Advice to Patients

  • Risk of hypersensitivity reactions.1 Importance of advising patients to seek immediate medical attention if they experience symptoms suggestive of a hypersensitivity reaction.1 (See Contraindications and Thrombocytopenia and Other Hypersensitivity Reactions under Cautions.)

  • Risk of cardiac effects.1 Importance of patients informing their clinician of any personal or family history of QTc-interval prolongation.1 Importance of advising patients to immediately contact their clinician if they feel faint or lose consciousness.1 (See Contraindications and Cardiac Effects under Cautions.)

  • Risk of dizziness.1 Importance of advising patients to take precautions to reduce the risk of falls, especially if they have motor impairment affecting gait or a history of falls.1

  • Importance of advising patients to take dextromethorphan/quinidine exactly as prescribed, with an interval of approximately 12 hours between doses and no more than 2 capsules (each containing dextromethorphan hydrobromide 20 mg and quinidine sulfate 10 mg) in a 24-hour period.1 Importance of advising patients not to take a double dose if they miss a dose.1

  • Importance of advising patients to contact clinician if symptoms of PBA persist or worsen.1

  • Importance of women informing their clinician if they are or plan to become pregnant or plan to breast-feed.1

  • Importance of informing clinicians of existing or contemplated concomitant therapy, including prescription and OTC drugs and dietary or herbal supplements, as well as any concomitant illnesses (e.g., QTc-interval prolongation or other cardiac disease).1

  • Importance of informing patients of other important precautionary information.1 (See Cautions.)

Preparations

Excipients in commercially available drug preparations may have clinically important effects in some individuals; consult specific product labeling for details.

Please refer to the ASHP Drug Shortages Resource Center for information on shortages of one or more of these preparations.

Dextromethorphan Hydrobromide and Quinidine Sulfate

Routes

Dosage Forms

Strengths

Brand Names

Manufacturer

Oral

Capsules

Dextromethorphan Hydrobromide 20 mg and Quinidine Sulfate 10 mg

Nuedexta

Avanir

AHFS DI Essentials. © Copyright 2016, Selected Revisions January 1, 2014. American Society of Health-System Pharmacists, Inc., 7272 Wisconsin Avenue, Bethesda, Maryland 20814.

† Use is not currently included in the labeling approved by the US Food and Drug Administration.

References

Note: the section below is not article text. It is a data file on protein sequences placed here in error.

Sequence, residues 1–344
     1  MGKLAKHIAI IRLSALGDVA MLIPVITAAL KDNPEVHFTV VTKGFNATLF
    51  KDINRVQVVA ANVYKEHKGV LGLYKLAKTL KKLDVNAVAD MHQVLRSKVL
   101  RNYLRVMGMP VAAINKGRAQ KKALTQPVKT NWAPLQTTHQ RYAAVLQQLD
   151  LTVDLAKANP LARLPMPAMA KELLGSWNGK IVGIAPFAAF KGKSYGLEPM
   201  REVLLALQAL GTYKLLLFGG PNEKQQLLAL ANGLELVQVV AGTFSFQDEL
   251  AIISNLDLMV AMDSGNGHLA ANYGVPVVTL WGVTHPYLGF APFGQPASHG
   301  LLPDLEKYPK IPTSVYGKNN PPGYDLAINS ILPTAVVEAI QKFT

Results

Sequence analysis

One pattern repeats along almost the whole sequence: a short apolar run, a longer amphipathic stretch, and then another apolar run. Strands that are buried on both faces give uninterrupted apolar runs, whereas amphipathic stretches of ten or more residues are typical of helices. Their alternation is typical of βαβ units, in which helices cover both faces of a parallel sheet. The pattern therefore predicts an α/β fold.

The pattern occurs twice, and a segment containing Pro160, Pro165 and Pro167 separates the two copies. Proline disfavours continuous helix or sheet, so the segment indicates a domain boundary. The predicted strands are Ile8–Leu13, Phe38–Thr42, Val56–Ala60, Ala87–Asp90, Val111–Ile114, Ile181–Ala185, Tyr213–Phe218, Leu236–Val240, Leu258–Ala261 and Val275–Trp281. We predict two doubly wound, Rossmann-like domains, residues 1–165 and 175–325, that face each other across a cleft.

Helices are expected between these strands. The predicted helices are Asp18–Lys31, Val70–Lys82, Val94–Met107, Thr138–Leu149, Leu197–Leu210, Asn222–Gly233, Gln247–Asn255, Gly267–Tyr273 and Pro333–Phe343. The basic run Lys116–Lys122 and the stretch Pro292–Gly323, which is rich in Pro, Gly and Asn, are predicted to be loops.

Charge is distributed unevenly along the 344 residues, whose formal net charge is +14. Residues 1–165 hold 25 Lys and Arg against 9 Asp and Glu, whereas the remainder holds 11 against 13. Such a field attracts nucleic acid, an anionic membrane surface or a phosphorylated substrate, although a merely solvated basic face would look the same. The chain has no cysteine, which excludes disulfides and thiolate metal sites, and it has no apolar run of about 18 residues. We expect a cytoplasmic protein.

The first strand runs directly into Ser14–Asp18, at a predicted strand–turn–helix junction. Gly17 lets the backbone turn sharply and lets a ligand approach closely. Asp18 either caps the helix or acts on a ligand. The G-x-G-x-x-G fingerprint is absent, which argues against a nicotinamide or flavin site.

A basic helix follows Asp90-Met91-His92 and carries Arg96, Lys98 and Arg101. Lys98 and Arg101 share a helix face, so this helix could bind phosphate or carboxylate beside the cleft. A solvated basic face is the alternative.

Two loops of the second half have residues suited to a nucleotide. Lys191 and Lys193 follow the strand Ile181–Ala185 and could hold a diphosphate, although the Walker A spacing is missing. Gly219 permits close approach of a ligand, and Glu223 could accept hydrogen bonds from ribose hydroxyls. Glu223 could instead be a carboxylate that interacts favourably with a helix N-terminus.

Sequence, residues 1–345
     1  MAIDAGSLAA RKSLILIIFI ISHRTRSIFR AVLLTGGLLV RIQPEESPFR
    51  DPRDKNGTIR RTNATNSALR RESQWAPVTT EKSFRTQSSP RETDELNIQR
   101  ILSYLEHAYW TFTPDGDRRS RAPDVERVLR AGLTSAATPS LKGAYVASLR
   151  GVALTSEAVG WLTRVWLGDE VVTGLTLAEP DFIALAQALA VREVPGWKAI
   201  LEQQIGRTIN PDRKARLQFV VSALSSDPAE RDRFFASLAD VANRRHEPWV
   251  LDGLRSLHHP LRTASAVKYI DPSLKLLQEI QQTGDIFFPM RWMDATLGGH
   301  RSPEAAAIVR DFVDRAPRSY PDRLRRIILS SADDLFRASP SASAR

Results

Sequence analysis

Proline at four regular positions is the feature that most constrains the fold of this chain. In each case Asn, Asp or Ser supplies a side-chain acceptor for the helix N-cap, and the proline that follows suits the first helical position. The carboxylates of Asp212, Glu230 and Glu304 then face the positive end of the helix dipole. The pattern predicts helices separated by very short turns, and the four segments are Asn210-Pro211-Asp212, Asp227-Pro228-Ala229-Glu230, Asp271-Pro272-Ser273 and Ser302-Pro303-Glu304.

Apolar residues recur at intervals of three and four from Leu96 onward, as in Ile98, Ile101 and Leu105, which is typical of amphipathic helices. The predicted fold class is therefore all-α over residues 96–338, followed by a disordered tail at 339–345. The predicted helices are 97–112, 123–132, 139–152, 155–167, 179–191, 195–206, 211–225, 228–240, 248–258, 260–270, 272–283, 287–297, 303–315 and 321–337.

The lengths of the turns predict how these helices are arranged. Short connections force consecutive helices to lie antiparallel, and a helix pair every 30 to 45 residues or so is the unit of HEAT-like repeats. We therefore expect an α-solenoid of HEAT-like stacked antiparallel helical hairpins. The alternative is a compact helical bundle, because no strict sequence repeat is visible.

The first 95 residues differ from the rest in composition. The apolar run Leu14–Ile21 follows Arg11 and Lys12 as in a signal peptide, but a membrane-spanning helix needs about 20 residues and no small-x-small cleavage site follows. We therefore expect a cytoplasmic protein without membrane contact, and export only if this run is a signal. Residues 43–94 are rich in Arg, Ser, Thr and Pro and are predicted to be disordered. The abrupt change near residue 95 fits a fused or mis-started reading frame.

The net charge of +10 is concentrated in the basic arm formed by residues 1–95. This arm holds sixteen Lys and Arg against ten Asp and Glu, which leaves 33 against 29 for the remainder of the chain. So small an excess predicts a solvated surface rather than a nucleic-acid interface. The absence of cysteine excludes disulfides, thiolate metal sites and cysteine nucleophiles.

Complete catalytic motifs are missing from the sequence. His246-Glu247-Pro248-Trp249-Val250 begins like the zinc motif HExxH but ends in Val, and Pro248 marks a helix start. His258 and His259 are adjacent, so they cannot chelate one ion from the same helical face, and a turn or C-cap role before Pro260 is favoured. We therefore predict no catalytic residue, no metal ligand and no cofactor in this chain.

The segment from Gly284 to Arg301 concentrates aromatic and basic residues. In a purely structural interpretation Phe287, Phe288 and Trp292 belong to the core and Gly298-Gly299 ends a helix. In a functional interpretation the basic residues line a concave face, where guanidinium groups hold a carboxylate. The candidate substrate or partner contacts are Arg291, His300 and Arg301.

1. Avanir Pharmaceuticals, Inc. Nuedexta (dextromethorphan hydrobromide and quinidine sulfate) capsules prescribing information. Aliso Viejo, CA; 2011 Aug.

2. Pioro EP, Brooks BR, Cummings J et al. Dextromethorphan plus ultra low-dose quinidine reduces pseudobulbar affect. Ann Neurol. 2010; 68:693-702. [PubMed 20839238]

3. Brooks BR, Thisted RA, Appel SH et al. Treatment of pseudobulbar affect in ALS with dextromethorphan/quinidine: a randomized trial. Neurology. 2004; 63:1364-70. [PubMed 15505150]

4. Panitch HS, Thisted RA, Smith RA et al. Randomized, controlled trial of dextromethorphan/quinidine for pseudobulbar affect in multiple sclerosis. Ann Neurol. 2006; 59:780-7. [PubMed 16634036]

5. Anon. Dextromethorphan/quinidine (Nuedexta) for pseudobulbar affect. Med Lett Drugs Ther. 2011; 53:46-7.

6. Garnock-Jones KP. Dextromethorphan/quinidine: in pseudobulbar affect. CNS Drugs. 2011; 25:435-45.

7. Pioro EP. Current concepts in the pharmacotherapy of pseudobulbar affect. Drugs. 2011; 71: 1193-1207 [PubMed 21711063]

8. Pope LE, Schoedel KA, Bartlett C et al. A study of potential pharmacokinetic and pharmacodynamic interactions between dextromethorphan/quinidine and memantine in healthy volunteers. Clin Drug Invest. 2012; 32:e1-15.

9. AR Scientific, Inc. Qualaquin (quinine sulfate) capsules prescribing information. Philadelphia, PA; 2013 Apr.

10. Werling LL, Keller A, Frank JG et al. A comparison of the binding profiles of dextromethorphan, memantine, fluoxetine and amitriptyline: treatment of involuntary emotional expression disorder. Exp Neurol. 2007; 207:248-57. [PubMed 17689532]

11. Lilly USA, Inc. Quinidine gluconate solution prescribing information. Indianapolis, IN; 2012 Feb 24.